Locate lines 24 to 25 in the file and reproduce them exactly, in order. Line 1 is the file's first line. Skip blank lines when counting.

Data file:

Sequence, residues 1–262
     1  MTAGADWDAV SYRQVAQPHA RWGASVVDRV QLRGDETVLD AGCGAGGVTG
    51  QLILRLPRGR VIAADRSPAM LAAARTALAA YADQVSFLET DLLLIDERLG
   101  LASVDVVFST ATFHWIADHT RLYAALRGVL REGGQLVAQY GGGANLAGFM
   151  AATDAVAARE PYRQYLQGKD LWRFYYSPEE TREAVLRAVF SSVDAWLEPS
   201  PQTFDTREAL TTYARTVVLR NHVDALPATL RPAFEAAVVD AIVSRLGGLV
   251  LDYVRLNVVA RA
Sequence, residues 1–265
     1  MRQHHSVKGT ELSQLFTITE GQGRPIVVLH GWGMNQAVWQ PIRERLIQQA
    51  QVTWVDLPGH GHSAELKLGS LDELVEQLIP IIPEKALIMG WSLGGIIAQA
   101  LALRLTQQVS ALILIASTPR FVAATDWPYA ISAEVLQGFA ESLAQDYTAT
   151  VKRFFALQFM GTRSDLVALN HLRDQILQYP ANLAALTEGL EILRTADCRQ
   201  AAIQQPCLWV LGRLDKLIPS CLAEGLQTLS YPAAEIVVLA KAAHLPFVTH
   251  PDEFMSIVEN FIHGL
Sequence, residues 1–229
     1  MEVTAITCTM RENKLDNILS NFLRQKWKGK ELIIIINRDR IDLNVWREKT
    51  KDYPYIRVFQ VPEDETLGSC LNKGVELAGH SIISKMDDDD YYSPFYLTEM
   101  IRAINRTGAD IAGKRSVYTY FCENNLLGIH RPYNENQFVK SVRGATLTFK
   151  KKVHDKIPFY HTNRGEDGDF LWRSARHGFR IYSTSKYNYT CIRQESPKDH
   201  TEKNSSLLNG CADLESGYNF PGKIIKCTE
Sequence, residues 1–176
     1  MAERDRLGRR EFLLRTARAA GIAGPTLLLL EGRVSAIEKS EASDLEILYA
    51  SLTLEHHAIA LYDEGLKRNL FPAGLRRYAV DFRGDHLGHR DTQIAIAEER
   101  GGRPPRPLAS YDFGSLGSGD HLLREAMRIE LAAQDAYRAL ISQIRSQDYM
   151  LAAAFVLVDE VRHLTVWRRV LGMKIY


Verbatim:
   101  GGRPPRPLAS YDFGSLGSGD HLLREAMRIE LAAQDAYRAL ISQIRSQDYM
   151  LAAAFVLVDE VRHLTVWRRV LGMKIY